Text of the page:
i am

My photo
harlem, usa
same-gender-loving contemporary descendant of enslaved africans. community activist, feminist, health educator, independent filmmaker, mentor, playwright, poet & spiritual being. featured at, in & on africana.com, afrikan poetry theatre, angel herald, bejata dot com, bet tonight with tavis smiley, blacklight online, black noir, brooklyn moon cafe, gmhc's barbershop, klmo-fm, lgbt community services center, longmoor productions, nuyorican poets cafe, our corner, poz, pulse, rolling out new york, rush arts gallery, saint veronica's church, schomburg center for research in black culture, sexplorations, the citizen, the new york times, the soundz bar, the trenton times, the village voice, upn news, uzuri, venus, vibe, wbai-fm, wnyc-fm & wqht-fm. volunteered with adodi, bailey house, inc., black men's xchange-new york, colorofchange.org, drug policy alliance, east harlem tutorial program, imagenation film & music festival, presente.org, save darfur coalition, the enough project, the osborne association, the sledge group & your black world. worked on films with maurice jamal & heather murphy. writing student of phil bertelsen & ed bullins. mjt975@msn.com.

Wednesday, July 03, 2013

Patents Keep New HIV Meds Too Expensive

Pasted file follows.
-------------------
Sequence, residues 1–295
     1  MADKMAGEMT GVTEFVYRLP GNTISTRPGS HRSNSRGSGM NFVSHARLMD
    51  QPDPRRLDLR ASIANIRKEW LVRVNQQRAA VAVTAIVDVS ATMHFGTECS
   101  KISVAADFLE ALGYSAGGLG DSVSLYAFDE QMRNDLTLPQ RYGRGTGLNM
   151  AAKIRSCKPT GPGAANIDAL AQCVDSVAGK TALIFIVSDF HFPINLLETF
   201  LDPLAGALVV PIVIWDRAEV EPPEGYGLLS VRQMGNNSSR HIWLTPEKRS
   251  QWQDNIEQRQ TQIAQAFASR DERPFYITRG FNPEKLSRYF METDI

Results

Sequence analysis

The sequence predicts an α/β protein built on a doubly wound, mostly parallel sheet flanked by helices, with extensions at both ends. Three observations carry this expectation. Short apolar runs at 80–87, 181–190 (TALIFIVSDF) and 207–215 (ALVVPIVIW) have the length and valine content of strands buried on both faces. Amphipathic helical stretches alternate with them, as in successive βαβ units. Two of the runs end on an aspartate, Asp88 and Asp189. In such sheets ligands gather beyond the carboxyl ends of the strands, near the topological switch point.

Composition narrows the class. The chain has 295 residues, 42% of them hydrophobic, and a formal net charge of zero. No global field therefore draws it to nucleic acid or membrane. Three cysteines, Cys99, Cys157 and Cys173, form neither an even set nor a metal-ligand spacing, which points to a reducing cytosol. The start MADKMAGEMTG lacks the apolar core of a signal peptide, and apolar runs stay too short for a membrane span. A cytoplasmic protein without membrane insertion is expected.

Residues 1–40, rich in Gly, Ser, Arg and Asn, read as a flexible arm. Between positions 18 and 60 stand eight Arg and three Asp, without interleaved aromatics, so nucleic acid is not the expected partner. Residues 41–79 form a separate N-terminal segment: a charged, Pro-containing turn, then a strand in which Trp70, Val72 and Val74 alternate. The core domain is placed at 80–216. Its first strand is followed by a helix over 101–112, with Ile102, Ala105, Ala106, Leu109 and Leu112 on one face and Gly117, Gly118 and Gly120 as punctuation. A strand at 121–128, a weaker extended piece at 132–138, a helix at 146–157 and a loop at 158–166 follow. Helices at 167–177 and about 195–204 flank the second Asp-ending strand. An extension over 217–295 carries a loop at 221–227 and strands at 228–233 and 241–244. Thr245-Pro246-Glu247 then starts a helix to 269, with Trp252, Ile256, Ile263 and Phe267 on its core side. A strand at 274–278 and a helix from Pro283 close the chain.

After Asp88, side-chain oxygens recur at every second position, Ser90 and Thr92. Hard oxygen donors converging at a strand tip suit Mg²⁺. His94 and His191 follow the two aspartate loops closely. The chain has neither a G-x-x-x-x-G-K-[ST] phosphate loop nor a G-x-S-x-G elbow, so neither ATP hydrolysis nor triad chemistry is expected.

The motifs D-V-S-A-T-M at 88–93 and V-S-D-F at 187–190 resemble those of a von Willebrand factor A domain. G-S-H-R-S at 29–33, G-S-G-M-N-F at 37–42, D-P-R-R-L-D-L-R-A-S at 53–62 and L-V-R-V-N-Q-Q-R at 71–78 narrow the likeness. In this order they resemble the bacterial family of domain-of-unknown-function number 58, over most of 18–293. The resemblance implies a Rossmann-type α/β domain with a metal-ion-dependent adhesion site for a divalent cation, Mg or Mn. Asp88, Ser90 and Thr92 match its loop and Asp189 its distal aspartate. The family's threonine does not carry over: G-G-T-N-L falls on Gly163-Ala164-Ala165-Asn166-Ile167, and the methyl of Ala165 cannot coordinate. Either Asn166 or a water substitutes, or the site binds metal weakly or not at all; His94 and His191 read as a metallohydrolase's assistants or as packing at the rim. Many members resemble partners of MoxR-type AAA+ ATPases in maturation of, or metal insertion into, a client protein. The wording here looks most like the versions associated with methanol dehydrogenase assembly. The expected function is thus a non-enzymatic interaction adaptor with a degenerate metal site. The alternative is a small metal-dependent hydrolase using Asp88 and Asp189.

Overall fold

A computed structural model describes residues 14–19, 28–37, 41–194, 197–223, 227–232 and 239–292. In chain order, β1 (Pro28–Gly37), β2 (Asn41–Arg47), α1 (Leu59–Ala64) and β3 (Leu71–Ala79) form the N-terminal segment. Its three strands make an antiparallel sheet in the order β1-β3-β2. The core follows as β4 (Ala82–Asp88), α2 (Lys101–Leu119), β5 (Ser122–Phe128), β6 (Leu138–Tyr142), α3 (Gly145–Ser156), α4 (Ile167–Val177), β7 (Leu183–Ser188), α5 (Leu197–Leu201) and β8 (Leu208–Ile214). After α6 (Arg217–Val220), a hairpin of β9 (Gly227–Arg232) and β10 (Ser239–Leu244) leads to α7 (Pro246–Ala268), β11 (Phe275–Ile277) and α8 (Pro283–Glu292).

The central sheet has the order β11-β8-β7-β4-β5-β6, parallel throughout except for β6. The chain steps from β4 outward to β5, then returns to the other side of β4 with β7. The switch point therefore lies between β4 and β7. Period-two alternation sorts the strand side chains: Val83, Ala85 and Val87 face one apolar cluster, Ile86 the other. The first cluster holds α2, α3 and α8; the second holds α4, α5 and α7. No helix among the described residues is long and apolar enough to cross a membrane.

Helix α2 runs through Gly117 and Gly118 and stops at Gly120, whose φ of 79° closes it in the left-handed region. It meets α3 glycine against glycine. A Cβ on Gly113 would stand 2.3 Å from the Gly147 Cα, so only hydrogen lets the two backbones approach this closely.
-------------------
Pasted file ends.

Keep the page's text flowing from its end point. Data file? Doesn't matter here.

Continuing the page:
doctors without borders, a leading medical aid group, said on Tuesday rising intellectual property rights are blocking the generic production of newer drugs to treat HIV and are keeping them out of reach for developing countries.

at an international aids meeting in kuala lumpur, Malaysia, the group said prices of older drugs long used to treat patients have fallen sharply as india and other countries make generics. but newer, more effective drugs against the aids virus are too expensive, costing up to 15 times more.

"it's good news that the price of key hiv drugs continues to fall as more generic companies compete for the market, but the newer medicines are still priced far too high," said Jennifer cohn, medical director for doctor without borders' access campaign. she said, "we need the newer treatments for people that have exhausted all other options, but patents keep them priced beyond reach."

according to doctor without borders, the governments of Thailand and Jamaica pay $4,760 and $6,570, respectively, a year per patent for the new drug, darunavir alone. Paraguay pays $7,782 for etravirine, while Armenia pays $13,213 for raltegravir. by comparison, a cocktail of older generic drugs costs as little as $139 per person a year.

the group also said the world health organization's new guidelines, which recommend earlier treatment for adults, means an additional nine million people in developing countries will now be eligible for treatment. currently, only about 60% of those who need the drugs are getting them.

arax bozadijan, an hiv pharmacist for doctors without borders, said, "scaling up hiv treatment and sustaining people on treatment for life will depend on bringing the price of newer drugs down." the trans-pacific pact countries account for nearly 40% of global gdp and about a third of world trade; any agreement could significantly impact prices. the obama administration says it hopes to wrap up talks by the end of the year.      

No comments: